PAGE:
Brand Purpose: What's Your Why?

I spend most of my time challenging the status quo to make brands purposeful. Challenging the status quo is a must, especially for brands that default to legacy marketing mix models focused on driving short-term ROI. Being purposeful is a must because it forces brands to be thoughtful about the why behind their reason for being versus the what or how. Challenging the status quo and being purposeful are two philosophies marketers must embrace to create remarkable experiences.

Many of the remarkable brand experiences of today are built with digital at the core. Warby Parker, Twitter, Evernote, Chipotle or Starbucks. Each of these brands is led by purpose and, not surprisingly, has stellar digital execution. Brands who are not lead by purpose get eaten alive by the Internet. Yahoo!, Blackberry, Best Buy, Blockbuster or Border’s. These brands got caught up in the what and how versus the why.

Starbucks gets the why. And it all starts with ceo Howard Shultz. (Yes, the lower case acronym is intentional; to demonstrate Shultz’s commitment to the philosophy that every employee has a voice in shaping the Starbucks brand). In his book, Onward: How Starbucks Fought for Its Life without Losing Its Soul, Shultz obsesses over the importance of brand purpose.

Shultz wrote Starbucks original purpose and continually scrutinizes its relevancy to ensure Starbucks is evolving as employees, consumers and shareholders offer feedback. By doing this, Shultz has successfully steered Starbucks marketing strategy away from the previously mentioned legacy marketing mix models focused on short-term ROI. In Shultz’s words, “A well-built brand is the culmination of intangibles that do not directly flow to the revenue or profitability of a company, but contribute to its texture. Forsaking them can take a subtle, collective toll.” He continues to say, “Every brand has inherent nuances that, if compromised, will eat away at its equity regardless of short-term returns. Growth for growth sake is a losing proposition.”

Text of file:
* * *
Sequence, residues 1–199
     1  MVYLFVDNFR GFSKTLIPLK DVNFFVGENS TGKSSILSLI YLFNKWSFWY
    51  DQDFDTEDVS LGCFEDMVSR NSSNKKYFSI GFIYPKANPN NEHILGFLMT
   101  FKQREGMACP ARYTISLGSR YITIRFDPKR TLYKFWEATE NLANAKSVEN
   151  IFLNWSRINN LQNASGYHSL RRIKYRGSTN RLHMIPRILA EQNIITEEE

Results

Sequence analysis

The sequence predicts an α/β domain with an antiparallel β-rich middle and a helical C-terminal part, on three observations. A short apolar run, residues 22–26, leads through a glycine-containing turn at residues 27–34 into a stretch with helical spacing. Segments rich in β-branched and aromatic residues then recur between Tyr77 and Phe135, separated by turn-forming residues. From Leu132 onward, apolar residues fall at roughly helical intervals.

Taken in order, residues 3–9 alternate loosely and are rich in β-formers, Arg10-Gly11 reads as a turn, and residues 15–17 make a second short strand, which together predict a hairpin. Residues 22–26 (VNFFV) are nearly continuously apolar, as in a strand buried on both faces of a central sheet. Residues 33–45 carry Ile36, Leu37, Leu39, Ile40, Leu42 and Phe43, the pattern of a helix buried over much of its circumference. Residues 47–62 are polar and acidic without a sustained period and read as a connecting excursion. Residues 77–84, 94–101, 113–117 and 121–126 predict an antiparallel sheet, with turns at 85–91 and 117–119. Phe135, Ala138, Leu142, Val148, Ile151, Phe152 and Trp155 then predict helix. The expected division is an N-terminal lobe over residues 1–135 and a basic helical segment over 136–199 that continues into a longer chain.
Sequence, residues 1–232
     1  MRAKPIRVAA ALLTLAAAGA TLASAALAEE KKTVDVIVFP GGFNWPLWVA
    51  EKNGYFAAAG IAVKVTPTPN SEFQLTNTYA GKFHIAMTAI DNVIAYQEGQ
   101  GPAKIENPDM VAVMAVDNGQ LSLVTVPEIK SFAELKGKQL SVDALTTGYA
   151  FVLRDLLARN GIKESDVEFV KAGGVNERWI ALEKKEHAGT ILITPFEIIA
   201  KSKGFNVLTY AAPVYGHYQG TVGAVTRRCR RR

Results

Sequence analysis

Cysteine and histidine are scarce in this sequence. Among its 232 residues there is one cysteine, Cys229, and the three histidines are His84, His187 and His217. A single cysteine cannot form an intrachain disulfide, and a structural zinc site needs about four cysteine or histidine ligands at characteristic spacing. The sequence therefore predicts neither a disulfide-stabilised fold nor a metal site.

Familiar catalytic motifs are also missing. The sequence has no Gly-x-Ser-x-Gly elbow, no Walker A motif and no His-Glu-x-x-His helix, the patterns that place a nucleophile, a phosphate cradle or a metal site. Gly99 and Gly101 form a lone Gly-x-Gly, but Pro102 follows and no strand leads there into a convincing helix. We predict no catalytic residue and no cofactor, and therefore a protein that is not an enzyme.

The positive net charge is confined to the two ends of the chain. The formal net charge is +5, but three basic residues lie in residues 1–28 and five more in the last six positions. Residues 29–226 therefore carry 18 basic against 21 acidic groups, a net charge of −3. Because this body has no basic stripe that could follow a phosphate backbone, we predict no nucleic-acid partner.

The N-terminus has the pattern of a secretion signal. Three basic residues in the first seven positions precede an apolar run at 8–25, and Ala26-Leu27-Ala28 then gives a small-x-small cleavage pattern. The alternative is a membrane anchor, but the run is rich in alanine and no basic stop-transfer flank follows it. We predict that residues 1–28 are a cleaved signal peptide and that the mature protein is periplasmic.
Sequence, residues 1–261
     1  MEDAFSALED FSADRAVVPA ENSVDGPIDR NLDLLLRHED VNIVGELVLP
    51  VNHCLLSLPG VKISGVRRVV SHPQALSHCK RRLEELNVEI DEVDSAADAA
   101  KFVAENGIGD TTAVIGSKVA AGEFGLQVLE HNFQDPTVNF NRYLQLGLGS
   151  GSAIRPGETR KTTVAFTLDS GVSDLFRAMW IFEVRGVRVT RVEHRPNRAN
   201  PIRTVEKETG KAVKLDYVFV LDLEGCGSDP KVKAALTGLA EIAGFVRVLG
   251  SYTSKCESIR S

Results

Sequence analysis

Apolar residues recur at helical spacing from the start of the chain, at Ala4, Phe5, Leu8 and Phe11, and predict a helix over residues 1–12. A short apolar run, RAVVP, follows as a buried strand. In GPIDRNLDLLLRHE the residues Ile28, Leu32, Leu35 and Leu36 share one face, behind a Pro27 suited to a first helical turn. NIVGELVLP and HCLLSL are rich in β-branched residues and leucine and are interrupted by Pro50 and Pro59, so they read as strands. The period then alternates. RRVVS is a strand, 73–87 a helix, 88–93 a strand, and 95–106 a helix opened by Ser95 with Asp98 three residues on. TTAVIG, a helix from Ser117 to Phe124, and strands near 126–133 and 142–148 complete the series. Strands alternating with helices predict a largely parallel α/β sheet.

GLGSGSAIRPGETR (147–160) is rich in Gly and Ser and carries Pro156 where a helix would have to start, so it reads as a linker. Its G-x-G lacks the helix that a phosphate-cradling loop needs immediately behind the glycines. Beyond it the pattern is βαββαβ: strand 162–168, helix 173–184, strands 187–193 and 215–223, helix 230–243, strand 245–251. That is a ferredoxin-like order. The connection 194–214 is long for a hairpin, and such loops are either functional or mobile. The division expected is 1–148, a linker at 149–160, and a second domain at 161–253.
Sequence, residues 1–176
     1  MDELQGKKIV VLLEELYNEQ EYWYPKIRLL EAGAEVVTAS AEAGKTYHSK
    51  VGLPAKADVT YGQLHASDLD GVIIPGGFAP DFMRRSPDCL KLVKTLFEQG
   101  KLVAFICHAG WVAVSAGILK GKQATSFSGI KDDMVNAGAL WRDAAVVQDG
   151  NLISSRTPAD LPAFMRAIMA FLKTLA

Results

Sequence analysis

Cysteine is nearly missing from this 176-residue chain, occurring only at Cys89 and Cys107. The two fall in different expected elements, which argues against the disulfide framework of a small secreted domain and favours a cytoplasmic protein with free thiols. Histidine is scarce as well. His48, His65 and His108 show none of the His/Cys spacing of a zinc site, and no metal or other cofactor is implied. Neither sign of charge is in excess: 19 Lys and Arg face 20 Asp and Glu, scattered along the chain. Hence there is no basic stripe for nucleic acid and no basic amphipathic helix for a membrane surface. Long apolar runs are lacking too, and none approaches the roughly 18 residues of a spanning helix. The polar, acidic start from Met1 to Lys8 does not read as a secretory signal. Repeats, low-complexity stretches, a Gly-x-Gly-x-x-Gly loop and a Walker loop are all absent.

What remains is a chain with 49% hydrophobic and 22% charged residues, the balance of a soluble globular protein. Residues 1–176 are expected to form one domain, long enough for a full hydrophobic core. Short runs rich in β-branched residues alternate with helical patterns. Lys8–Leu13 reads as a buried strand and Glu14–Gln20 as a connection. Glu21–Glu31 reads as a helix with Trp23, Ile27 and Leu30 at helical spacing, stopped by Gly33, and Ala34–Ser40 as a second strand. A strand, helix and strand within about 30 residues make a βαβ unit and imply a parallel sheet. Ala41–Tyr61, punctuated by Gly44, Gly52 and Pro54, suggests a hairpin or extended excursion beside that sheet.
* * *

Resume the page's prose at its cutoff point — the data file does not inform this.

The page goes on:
Because Starbucks is clear on the why, it makes the what and how easier. What they decide to do with the in-store experience. What they’re doing for local communities. How they’re ethically sourcing coffee beans. How they’re creating remarkable digital experiences. Their purpose leads all efforts, including Starbucks’ digital strategy.

The Internet has not eaten Starbucks. Quite the contrary, actually. During the low point of the recession in 2008, they launched My Starbucks Idea. An idea far ahead of its time. They were one of the first brands to embrace social media, with more than 35 million followers between Facebook and Twitter. They appointed Adam Brotman to Chief Digital Officer earlier this year. Shortly thereafter, Starbucks announced a partnership with Square, which was rolled out in stores last month and is fully integrated with My Starbucks Rewards. They even pay attention to what seem like the little things that make a difference, like their responsively designed website and customized sbux.co URL shortener for social media posts. Steve Jobs-esque. Nicely done. 

Rallying around the why makes sense of the what and how. It encourages purpose-led decision-making and marketing strategies. Which, in turn, drive remarkable digital experiences that brand fans are proud to be part of. Experiences that are focused on building relationships and brand equity. Experiences that provide scale because they outlast campaigns and focus on more sustainable long-term relevancy.

All of this certainly challenges the status quo. Which makes it challenging in so many different ways. Marketers are resistant. Business models are old. Consumers are way ahead of us. They know what, where and when they want something. It’s our job to proactively let them know why so they know what to expect in return.